There’s no glory in guns

Jake Schwebach
Jake Schwebach

Do you, like many Americans, long for the days you could settle a dispute with a good old-fashioned duel? Perhaps à outrance – to death?

In more respectable days, you utilized your 10 inch smooth bore flintlock dueling pistol.  At the drop of a handkerchief, you disposed of the problem and “that took care of that.” These short-range firearms kept trouble at bay. This noble tradition has been desecrated at the hands of gun-hating liberals.


We’re perpetually being forced to find more sophisticated ways to exercise gun rights. Al Capone, a pillar of ingenuity, swiss–cheesed his way through rival businessmen. Money is the fastest way to get anything done in America. With the cops on his payroll, 1920s Chicago was a 2nd Amendment utopia. This once honorable way to make a living – also squashed.

Security has become absolutely ridiculous. Everyone knows the average citizen is smart enough to safely handle advanced weaponry. But, as our personal freedoms continue to be sacrificed for “public safety,” it’s increasingly difficult to keep those ballistics wedged between our belts.

Sure, there’s the occasion tri-annual mass school shooting and 11,078 gun homicides a year. The 923 people who are murdered gruesomely per month do so for our freedom as Americans. We should honor these heroes rather than use it as tragic excuse for gun control.

This sacred right was thread into the same fabric that protected our right to own slaves. Of course, our country has made great strides. Did you know that black non-slaves can now vote? Women, too. Why alter anything else?

The U.S. Constitution calls for “a well-regulated militia, being necessary to the security of a free state, the right of the people to keep and bear arms.” What would every gun-owning citizen do if they couldn’t form their own militia? Join the army? Fort Collins wouldn’t be able to declare war on Nicaragua. That’s what’s at stake.

The debate will not end anytime soon. The way I see it, there are three possible compromises.

The first: make bullets illegal. We all know Americans are way too lazy to forge their own, anyway. There’s not a more secure feeling than holding a weapon that has assisted the murder of millions. Note that guns don’t kill people. They only make the process so much more expedient. Guns would simply be a proverbial “I feel like murdering you,” not unlike a middle finger. You could still chuck it at someone’s face if you desire. This compromise is especially relevant to inner-city gangs. They’d point guns, vent and then go get ice cream. It also levels the playing field in Russian roulette.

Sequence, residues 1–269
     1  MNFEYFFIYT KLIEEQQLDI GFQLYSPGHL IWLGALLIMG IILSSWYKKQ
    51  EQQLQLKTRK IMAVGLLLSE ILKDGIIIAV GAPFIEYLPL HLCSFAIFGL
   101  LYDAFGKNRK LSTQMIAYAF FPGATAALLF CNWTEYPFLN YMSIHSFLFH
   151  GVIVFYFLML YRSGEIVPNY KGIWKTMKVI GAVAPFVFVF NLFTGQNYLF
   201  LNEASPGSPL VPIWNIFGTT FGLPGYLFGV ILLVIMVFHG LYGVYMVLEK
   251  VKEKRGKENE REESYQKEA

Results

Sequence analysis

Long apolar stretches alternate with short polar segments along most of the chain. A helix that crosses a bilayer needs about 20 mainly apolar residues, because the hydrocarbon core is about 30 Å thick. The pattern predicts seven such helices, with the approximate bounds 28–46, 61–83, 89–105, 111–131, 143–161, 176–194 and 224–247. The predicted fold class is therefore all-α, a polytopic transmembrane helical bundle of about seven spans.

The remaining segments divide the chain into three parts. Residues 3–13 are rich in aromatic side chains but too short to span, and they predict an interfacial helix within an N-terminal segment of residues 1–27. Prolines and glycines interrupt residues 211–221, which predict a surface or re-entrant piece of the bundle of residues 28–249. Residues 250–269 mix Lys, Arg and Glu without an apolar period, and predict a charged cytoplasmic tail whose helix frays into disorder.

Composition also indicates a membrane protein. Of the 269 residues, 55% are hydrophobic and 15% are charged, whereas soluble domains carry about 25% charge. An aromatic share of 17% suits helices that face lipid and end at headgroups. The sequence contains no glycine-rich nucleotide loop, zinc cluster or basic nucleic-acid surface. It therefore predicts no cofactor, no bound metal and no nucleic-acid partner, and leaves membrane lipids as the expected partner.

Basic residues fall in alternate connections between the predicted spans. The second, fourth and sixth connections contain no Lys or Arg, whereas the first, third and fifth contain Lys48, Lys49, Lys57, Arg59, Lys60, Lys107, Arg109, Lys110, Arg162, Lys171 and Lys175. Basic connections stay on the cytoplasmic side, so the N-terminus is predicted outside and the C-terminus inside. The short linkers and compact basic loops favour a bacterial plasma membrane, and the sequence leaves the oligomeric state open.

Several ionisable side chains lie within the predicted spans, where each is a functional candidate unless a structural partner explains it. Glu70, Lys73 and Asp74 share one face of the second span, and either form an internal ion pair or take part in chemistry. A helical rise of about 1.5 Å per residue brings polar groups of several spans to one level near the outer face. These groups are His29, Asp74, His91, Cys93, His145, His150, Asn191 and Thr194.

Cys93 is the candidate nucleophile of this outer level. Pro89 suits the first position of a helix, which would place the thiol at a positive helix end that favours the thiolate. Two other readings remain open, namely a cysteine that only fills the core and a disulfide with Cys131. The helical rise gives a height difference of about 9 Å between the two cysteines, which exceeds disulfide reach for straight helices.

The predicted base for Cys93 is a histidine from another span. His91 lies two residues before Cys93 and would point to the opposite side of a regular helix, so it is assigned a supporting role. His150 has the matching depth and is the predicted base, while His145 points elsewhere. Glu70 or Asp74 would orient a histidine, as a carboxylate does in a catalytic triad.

The second: make guns illegal (but not bullets). This way, we can fashion slingshots and those spitty straw things. You would get originality points and maybe even produce bruises.

The third: make all guns legal and bulletproof everything. So when a gunman rages through your school, you can continue listening to your lecture while the bullets fly around you. This would also do wonders for the composite materials market – “Hey Ashley, is that Kevlar Prada you’re wearing? It’s darling.” OK, this third compromise is like abolishing guns altogether. You can’t pierce anything so what’s the point? You’d keep that “yippee–kay–ay, mother–” feeling, that’s what. Oh wait, that only exists in movies.

All satire aside, gun violence is a very real, very serious, issue. The right to protect ourselves is as valuable as any. Take an honest look at whether guns protect or harm more people. A weapon so extreme and evolved just perpetuates paranoia. It’s fighting fire with fire. The concept of matching an aggressor’s force as a means of self-defense is termed mutually assured destruction.


Guns lend the idea that it will give you an advantage. There are few scenarios where mace pepper spray wouldn’t give you that advantage. What if someone points a gun at you first? Crass, but there’s not much you can do about it even if you have a gun tucked behind your belt. Catch-22.

If we live in a country where we’re using guns for safety more than we’re cleaning them off streets, not much has changed since 1920s Chicago. Except, of course, the technology. The argument that gun control wouldn’t do anything (every last gun involved in homicide was illegal anyway) – is that a valid enough argument to not try? It’s not possible to get every single gun off the street, sure. But, keeping them in circulation is a very scary dead end.

Jake Schwebach occasionally engages in satire to communicate the need for gun control. Feedback can be sent to

In Brief:

The average citizen is neither trained or capable of handling guns.

The debate over gun control has just begun, and there aren’t compromises on the horizon.

Keeping guns in circulation is a very scary dead end.